On admission, he was hemodynamically stable and in no apparent distress. A physical examination showed a soft, non-distended, mildly tender abdomen with no peritoneal signs. Labs were significant for an elevated WBC count at 13.56 × 103/µL (4.2 - 10.2), and elevated lipase at 74.8 U/L (10 - 70) with normal liver tests. CT scan of the abdomen with contrast showed jejuno-jejunal intussusception in the left mid-abdomen with sigmoid and descending colon wall thickening concerning active inflammation (Fig. 3). Infectious workup was unremarkable. The patient was treated conservatively with intravenous (IV) fluids and antiemetics for nausea. The surgery team was consulted for evaluation, but no surgical intervention was necessary as the patient’s intussusception resolved with conservative management. The patient was discharged home on day 2 with outpatient follow-up.

Click for large image
Figure 3. Computed tomography (CT) scan (sagittal with arrow) showing jejuno-jejunal intussusception in the left mid-abdomen with colon wall thickening.

Case 4

A 36-year-old Caucasian male came to the emergency room with a chief complaint of abdominal pain, nausea, vomiting, and abdominal pain for 1 week. He reported abdominal pain mainly in the lower abdomen 5/10 in severity, cramping in nature, non-radiating with no aggravating or relieving factor. Reported vomitus was non-bilious and non-bloody. He denies any weight loss or any upper-lower GI bleeding. He reported daily marijuana use for the past 15 years but denied alcohol, tobacco, or illicit drug use. No recent travel history was noted.

On admission, his vitals were stable, and on the exam, he was noted to have mild generalized tenderness on the lower quadrant without any guarding, rigidity, or peritoneal signs. Laboratory studies showed complete blood cell count, comprehensive metabolic profile, liver chemistries, normal liver chemistry, and amylase and lipase. The patient underwent a CT of abdomen with contrast that showed multiple small bowel short segment intussusception areas without proximal dilatation (Fig. 4). Infectious workup was unremarkable. General surgery and gastroenterology were consulted for further evaluation. He was treated with conservative management with bowel rest, IV fluids, and anti-emetics. Subsequently, the next day, the patient clinically improved the complete resolution of symptoms and had bowel movements and had a small bowel follow-through series that came unremarkable. He underwent EGD that showed erosive gastritis, clean base multiple ulcers antrum (3 - 5 mm), and duodenal erythema. The patient was discharged on day 2 upon clinical improvement.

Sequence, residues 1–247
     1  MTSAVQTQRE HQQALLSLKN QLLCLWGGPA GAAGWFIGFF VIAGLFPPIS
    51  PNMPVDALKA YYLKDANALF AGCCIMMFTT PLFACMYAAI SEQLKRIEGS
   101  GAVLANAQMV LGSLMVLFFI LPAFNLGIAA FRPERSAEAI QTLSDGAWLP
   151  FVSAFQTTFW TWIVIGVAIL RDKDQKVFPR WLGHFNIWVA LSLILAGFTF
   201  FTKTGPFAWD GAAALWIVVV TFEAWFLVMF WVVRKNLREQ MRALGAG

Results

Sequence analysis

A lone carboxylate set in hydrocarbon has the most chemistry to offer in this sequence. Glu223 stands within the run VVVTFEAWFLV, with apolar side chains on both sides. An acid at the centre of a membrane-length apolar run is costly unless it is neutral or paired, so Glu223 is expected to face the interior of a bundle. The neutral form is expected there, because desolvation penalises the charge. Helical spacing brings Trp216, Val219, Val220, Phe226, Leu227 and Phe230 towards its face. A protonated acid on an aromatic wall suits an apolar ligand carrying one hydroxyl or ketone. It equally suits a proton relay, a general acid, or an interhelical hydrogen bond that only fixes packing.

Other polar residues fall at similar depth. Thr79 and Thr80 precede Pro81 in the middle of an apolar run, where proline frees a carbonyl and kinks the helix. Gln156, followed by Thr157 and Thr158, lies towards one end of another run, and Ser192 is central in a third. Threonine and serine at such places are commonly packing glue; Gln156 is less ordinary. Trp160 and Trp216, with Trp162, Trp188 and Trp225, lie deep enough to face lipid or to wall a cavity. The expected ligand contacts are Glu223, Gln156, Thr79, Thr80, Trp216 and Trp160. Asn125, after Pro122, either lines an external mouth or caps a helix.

Click for large image
Figure 4. Computed tomography (CT) of abdomen (coronal with arrow) showing small bowel short segment intussusception areas without proximal dilatation.

Marijuana products are the most universally used recreational drug across the world [10]. In the United States, 17.9% (around 49.6 million) of people aged 12 or older reported using marijuana over the past 12 months [11]. Trends indicate marijuana use has increased markedly among younger populations, with a higher percentage of high school students using marijuana products. The gender gap in marijuana use has also widened with more men abusing the drug than women [12]. With such increasing usage of marijuana, learning about the adverse effects of the drug, especially its effect on the GI system, has become more important than ever before.

Tetrahydrocannabinol (THC), the primary active ingredient of marijuana products, acts through many receptors in the GI tract. The primary effects are through the CB receptor system. CB1 receptors are located in the myenteric and submucosal neurons of the GI tract, while CB2 receptors are located primarily on inflammatory and epithelial cells [13]. Activation of these receptors results in inhibition of acetylcholine release in pre-synaptic neurons leading to slowed contractile activity and peristalsis. Studies have also shown delayed gastric emptying and inhibition of postprandial colonic tone from chronic marijuana use [13]. This dissonance in peristalsis from chronic marijuana use has been postulated to provide the lead point for intussusception.